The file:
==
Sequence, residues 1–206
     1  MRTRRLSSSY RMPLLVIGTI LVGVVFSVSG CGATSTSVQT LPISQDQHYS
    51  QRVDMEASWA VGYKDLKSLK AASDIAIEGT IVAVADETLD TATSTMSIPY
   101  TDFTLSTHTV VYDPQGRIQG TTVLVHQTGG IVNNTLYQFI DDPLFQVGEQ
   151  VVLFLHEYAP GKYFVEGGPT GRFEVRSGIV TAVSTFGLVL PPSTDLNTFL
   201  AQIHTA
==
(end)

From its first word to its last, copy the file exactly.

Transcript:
Sequence, residues 1–206
     1  MRTRRLSSSY RMPLLVIGTI LVGVVFSVSG CGATSTSVQT LPISQDQHYS
    51  QRVDMEASWA VGYKDLKSLK AASDIAIEGT IVAVADETLD TATSTMSIPY
   101  TDFTLSTHTV VYDPQGRIQG TTVLVHQTGG IVNNTLYQFI DDPLFQVGEQ
   151  VVLFLHEYAP GKYFVEGGPT GRFEVRSGIV TAVSTFGLVL PPSTDLNTFL
   201  AQIHTA